So let me go through a couple of those examples in the real world. So this is an advanced UI example where we had a customer that had a green screen application for tracking shipments, and their customer said, we’d really like to have a graphical user interface to that. We want our warehouse managers to be able to go down into the warehouse and know exactly when the truck is going to arrive so they can make sure all the right people are at the loading dock at the right time, and they want to be able to do that from a tablet device or a desktop. Originally they tried to do a sort of screen scraping version of that. So they used a screen scraping tool, and they got something like this, which did not make their users happy because it didn’t look like a web or a mobile interface. It looked like a green screen on the web. So instead what they did is they exposed the green screen functions via APIs and then wrote a native Node.js application or a React application that talked to it, and so you get a very advanced looking application, a very modern looking application to access that green screen data, and it’s responsive so that you can look at it from a mobile device, a tablet, a desktop, whichever interface makes the most sense for what you’re trying to do. So by creating APIs, I have a lot of flexibility in how I want to expose that information. This is actually IBM’s Cloud Connector system, their application for connecting the IBM i to the cloud for moving files up and down to the cloud, and it’s a native Angular application talking to the IBM i and to the cloud. So from here, you can move things up to the cloud and just give you a sense of the productivity of doing this in open source versus doing things in the standard green screen way. Our team built this for IBM, and it took us about nine months to build the green screen version of this. To build the Angular application took about four days, and that’s because in the open source world, we simply downloaded components, wired them together to create this user interface. So it was very, very fast to put together. In the Internet of Things, we’re seeing more and more devices that are being connected to the IBM i. So as I talked about before, people working in the warehouse who need to get information directly from the IBM i. So they’re using these handheld like Zebra devices and talking to the IBM i. Smart appliances, we’re seeing customers who have warranty systems, and they’re actually having the appliances in their customers’ homes talking to their system to keep them up to date on the performance of those appliances. We’re seeing people who have field service people who are going out to do inspections or do repair on devices who can enter information directly from the location where they are into the system and get the latest information when they are actually on site. Lots and lots of wearables, especially in the medical field where people are tracking their patient’s health via wearable devices, or you have smart utilities where people are tracking power usage. Here where I am in California, the power company actually is putting all kinds of Internet of Things devices on all their power lines so they can track whether the power lines are breaking so that they can avoid some of the fires that we’ve had out here recently that were caused by downed power lines. And then connected transportation, where people want to get real-time information about where is their shipment on the road right at this time, or where is it on the ocean right at this time, or where is it in the air? They can get that information real-time coming from Internet of Things devices in the transportation carriers. This is just an example of something we just did with a customer where they’ve got the handheld Zebra devices. They’re entering information to the IBM i from those devices. They’re retrieving data from those devices. Now, they used to do this via just a terminal emulator, so they had a green screen interface which limited how much information they could show. It also limited their flexibility in what kind of an interface they could provide their users. Now, it’s an angular application talking to their IBM i. And what’s really interesting is they actually are pulling down spool files from the IBM i and printing them to a locally attached Zebra printer that’s attached via Bluetooth. You get all of that happening just by using these API connections to the IBM i. In doing that, you have to have a way to say, okay, I need to get to the IBM i, so the first thing I’m going to have to do is authenticate you and make sure I know who you are, and so I need to decide what kind of authentication am I going to use for that, and I’m going to talk about that a little bit more in a second. And then I need to figure out what connection technology do I want to use, because there are lots of options about how to connect to the IBM i, you can use ODBC, you can use IDB, which gives you direct IBM i database connections, XML service, which lets you call programs, so there are lots and lots of different connection technologies. And then you have to do the transformation of the data that the handheld device understands into data that the IBM i understands, run the IBM i functions, and then pass back the data and transform that data back into some format that the user interface understands. So that’s calling into the IBM i for web services. Let’s talk a little bit about calling out from the IBM i. So we’re seeing lots and lots of use cases for this, and almost on every phone call I have with a customer, I learn about new things. So these are just a couple of it, I just talked to a customer that is a food distributor, and their concern is they have to know when they’re shipping their food items, do they need to use a refrigerator truck, and that is going to be based on the temperature along the route. So they call out to the weather API, get all the temperatures along the route to make the decision of what kind of a truck are we going to use to ship this order. We have another customer that’s a vacation rental company, and they wanted to provide people who are browsing their website with temperature information around the properties that they were looking at. And again, they’re calling out to the weather service to get that information. We have a lot of customers that are looking to get Google Maps information, so we have an insurance company that in order to give an accurate quote, they need to have the exact latitude and longitude of the property they’re quoting for, but all they had in their database were addresses. So now they send an address down the wire to Google Maps, and they get back the exact latitude and longitude so they can do their quoting process, which is all in RPG. We have other customers that are looking to maximize the efficiency of the routes for their transportation, and so they’re getting directions, distance, as well as traffic information directly from Google. These are some of the other ones that we’ve run across recently. We have customers that call out to public services with vehicle VIN numbers to get information about the vehicles, sales tax inquiries to help me understand what’s the sales tax for a particular place in the country, food, nutritional information, demographic census information. Lots and lots of different things, even including people who call out to the Chuck Norris joke API to get Chuck Norris jokes. So when you’re doing these services, you have a decision to make about how am I going to do the service? How am I going to create the service? Do I create the service in RPG, or do I create them in open source code? What we find is it makes sense to use the right tool for the job, so use the tool as it’s designed to do.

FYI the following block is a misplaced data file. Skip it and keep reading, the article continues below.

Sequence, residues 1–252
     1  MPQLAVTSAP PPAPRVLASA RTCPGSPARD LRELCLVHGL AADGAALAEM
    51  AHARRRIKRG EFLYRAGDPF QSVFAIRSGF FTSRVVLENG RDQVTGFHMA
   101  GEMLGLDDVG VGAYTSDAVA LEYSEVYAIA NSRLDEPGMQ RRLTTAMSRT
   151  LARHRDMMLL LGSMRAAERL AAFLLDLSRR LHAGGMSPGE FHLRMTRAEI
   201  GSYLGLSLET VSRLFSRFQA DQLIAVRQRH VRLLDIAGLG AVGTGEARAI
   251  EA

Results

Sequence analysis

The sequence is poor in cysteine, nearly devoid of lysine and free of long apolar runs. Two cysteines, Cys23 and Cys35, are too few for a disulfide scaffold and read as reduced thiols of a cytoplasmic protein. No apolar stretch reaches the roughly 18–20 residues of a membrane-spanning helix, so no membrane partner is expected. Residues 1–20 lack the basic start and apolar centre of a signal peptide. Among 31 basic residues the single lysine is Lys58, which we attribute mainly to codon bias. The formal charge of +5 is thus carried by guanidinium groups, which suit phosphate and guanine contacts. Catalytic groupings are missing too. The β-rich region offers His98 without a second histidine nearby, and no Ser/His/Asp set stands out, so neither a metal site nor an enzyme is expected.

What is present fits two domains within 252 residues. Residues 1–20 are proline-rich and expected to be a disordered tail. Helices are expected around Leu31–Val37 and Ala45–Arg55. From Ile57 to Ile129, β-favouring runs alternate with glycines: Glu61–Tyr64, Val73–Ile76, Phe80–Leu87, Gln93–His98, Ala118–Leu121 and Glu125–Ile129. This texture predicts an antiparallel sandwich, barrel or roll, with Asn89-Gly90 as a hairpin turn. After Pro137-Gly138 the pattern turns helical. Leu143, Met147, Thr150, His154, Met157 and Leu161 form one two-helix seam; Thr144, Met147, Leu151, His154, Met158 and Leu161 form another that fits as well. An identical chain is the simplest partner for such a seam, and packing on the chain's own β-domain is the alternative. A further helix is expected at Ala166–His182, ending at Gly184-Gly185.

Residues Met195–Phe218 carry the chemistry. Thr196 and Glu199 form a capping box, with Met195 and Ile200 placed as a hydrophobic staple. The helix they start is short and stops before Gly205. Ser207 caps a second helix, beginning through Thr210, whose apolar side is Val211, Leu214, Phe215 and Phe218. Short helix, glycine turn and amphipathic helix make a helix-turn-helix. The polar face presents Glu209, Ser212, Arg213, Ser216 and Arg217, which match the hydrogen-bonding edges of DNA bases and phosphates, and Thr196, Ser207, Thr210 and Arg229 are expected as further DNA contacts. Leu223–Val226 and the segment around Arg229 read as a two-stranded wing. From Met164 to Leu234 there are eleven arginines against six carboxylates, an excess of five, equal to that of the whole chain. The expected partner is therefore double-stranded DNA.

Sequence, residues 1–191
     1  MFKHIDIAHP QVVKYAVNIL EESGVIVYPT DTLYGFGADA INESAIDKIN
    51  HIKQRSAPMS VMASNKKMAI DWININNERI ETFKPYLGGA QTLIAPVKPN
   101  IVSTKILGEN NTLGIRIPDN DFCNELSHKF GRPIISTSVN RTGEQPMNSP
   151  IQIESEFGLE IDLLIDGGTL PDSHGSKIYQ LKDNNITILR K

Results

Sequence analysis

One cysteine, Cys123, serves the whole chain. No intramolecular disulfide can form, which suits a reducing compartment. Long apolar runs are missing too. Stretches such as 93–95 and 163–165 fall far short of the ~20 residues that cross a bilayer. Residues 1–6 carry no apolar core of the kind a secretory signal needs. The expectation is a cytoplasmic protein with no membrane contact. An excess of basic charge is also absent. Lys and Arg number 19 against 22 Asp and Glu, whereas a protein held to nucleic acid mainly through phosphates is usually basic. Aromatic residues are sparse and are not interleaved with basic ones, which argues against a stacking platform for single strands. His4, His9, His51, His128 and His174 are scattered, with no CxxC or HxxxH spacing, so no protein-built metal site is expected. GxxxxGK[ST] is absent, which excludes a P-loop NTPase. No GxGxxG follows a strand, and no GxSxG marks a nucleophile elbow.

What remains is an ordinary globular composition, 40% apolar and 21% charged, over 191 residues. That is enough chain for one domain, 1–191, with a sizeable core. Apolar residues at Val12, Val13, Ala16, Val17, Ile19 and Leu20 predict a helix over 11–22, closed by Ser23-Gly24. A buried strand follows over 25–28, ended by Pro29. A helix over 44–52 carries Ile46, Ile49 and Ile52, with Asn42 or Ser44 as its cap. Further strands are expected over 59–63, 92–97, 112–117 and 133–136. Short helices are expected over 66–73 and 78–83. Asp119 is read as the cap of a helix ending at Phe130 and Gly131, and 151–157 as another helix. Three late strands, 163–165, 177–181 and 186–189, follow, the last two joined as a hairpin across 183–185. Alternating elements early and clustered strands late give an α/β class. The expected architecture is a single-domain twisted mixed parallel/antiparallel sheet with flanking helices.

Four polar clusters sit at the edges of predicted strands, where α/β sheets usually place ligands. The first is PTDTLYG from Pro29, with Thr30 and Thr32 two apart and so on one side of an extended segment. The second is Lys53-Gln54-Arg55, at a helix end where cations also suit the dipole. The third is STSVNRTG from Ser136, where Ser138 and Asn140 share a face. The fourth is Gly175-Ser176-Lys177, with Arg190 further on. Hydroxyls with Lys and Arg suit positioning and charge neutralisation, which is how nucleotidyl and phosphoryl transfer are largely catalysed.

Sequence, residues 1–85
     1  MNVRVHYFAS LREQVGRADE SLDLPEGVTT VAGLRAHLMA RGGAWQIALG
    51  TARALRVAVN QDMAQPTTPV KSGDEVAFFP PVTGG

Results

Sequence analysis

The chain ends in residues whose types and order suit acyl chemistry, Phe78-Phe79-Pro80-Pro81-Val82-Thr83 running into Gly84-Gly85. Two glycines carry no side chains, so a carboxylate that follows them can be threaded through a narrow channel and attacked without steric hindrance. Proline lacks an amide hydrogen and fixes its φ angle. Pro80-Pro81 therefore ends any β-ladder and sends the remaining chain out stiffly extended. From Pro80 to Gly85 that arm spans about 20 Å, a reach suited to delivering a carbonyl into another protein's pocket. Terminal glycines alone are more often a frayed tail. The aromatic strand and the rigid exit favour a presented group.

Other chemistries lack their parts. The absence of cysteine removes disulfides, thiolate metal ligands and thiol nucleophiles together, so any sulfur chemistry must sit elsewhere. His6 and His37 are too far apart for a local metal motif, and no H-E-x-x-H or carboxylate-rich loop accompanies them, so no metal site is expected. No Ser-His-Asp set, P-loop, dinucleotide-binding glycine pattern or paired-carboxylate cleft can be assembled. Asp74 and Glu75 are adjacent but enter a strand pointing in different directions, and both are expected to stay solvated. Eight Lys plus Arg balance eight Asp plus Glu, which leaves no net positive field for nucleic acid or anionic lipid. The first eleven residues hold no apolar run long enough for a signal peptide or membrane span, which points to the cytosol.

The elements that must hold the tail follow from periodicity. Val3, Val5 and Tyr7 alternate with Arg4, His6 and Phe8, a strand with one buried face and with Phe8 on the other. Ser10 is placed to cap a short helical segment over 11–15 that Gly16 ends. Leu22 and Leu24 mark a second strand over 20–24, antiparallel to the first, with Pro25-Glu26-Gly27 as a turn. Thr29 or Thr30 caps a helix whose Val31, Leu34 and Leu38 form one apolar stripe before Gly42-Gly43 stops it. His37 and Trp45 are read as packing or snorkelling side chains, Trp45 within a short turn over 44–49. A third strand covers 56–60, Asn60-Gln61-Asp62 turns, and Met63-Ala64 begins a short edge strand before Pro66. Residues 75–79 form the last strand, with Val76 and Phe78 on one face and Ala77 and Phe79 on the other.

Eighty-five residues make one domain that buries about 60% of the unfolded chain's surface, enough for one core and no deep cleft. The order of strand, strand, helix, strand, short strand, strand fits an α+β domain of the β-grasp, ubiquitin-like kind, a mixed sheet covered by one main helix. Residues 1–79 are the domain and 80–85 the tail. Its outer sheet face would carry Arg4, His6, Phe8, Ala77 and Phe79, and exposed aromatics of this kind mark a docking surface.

When we work with open source DevOps processes, we can manage things with Git. The traditional limitation has been our build process. And that’s something that we’ve solved using a makefile, using another set of open source tools that we’ve actually described in a couple of our webinars thus far. And the last thing I want to mention is that, again, I did this as a relatively manual process. I actually had to go onto the server and run one command to update my application, which qualifies as relatively manual. We actually just finished working with a customer to automate that entire process through Azure Pipelines. So they have pipelines set up where they write their code, they push it up to the central system, and it then handles the automation for the entire process of rebuilding, restarting, recompiling, doing everything it needs to do to update their applications. So they’re now using modern technology with API calls in and out, with modern DevOps tools, with modern systems that young open source developers can work with, and they’re roping open source technology into their application. Aaron, thank you for the… Yes, yes, that’s what I’ve got for you here in the demonstration. I’m going to turn things back over now to Dan and Mitch to close this up. Well, we have Q&A to go through now. Thank you for the great presentation, Aaron.
Question one, does Connect track the API activity if a process is consuming too much of an API? Does Connect help us throttle this activity, track what processes are using the API, and et cetera? Can one of you talk a little about the difference between Connect and, I guess that would be an ESP, right? Dan, do you want to answer that? So if I understood the question there, we’re talking about tracking the activity in our API calls and tracking the… We’re tracking the API calls and throttling and doing all of the functions that we have around that. Because of the footprint of EradaniConnect, that is something that we can do in our open source application because at the core, what we have is an open source application. So yes, I mean, we can absolutely do that, we can absolutely set that up, and we’d set it up with open source modules to handle that. Right. There are already open source modules available to do all kinds of API management tasks, and you can just simply integrate them into the API that Eradani Connect creates. Thank you. Next question. I don’t even… I don’t know what this means. Can you handle complex data structures, arrays, and results set? Yeah. Yes. So yes, absolutely. And the program I talked about with the 1,147 parameters use all of those things. We just keep this demo simple for the purposes of the demo. Okay. All right. There we go. How do we find the right APIs for what we need? Let’s give Dan a chance to answer a question. Dan, you want to take a turn? Sure. You’ve got to turn on your camera, though. So that’s one of the great things about open sources. You can just go out on the web, and you can find all kinds of sources for any kind of module you can imagine. So when we were building that cloud connector interface for IBM, we found the tree structure components already built. We found the connector to AWS already built. We found the connector to IBM iCloud already built. And we simply did searches on those sites, and what’s really great is the sites also tell you things like, when was the last time this thing was updated? How many people are using it? So that you know if something’s being downloaded a million times a week, it’s very well tested, and it’s very secure. You can see that if it was updated yesterday, it’s being kept up to date. If it wasn’t updated since nine years ago, it’s probably not up to date. So there’s lots and lots of information you can find out about these modules just by looking them up online. Good answer. Thank you. Does anybody want to send in any other Q&A? We have a lot of people on this meeting. Feel free to chat questions. Here’s a private one that was sent to me. Our business process is a step-by-step process. Why can’t do things out of order, so wouldn’t async just complicate things? Our business process is a step-by-step. And totally, absolutely, most business processes or many business processes are like that. So that’s that sort of issue of where the value of async comes in in that situation is not that you would do those steps out of order, but if you have a business process that might be requested by multiple people simultaneously, so where you’ve got a web interface now into whatever that business process is, and each request has to go from step one to two to three to four to five, but I can take multiple requests simultaneously and I can fire off step one for the first request, step one for the second request, step one for the third request. I can do all those simultaneously. I don’t have to wait for the first request to go through step one, two, three, four, five, before I can have step one for the second request. I can send them all simultaneously. So each process will be going through step by step, but I can have multiple processes going on simultaneously. Message me if that didn’t answer your question. Thank you, Dan. Any other questions from anybody? You know what? It’s 8 o’clock. I don’t think we have time. Feel free to email me questions, and I’ll get them to Dan and Erin and get them sent back to everybody. The recording of this event will be emailed and shared with everybody. We appreciate all your questions. We’ve had a record number of people stay the whole time, so great job, Erin and Dan. You gave an exciting presentation, and I hope everybody understands the potential of opening up and bridging your IVMI and connecting it to the world of APIs. Have a great afternoon. Great. Thanks, everybody. Have a great afternoon.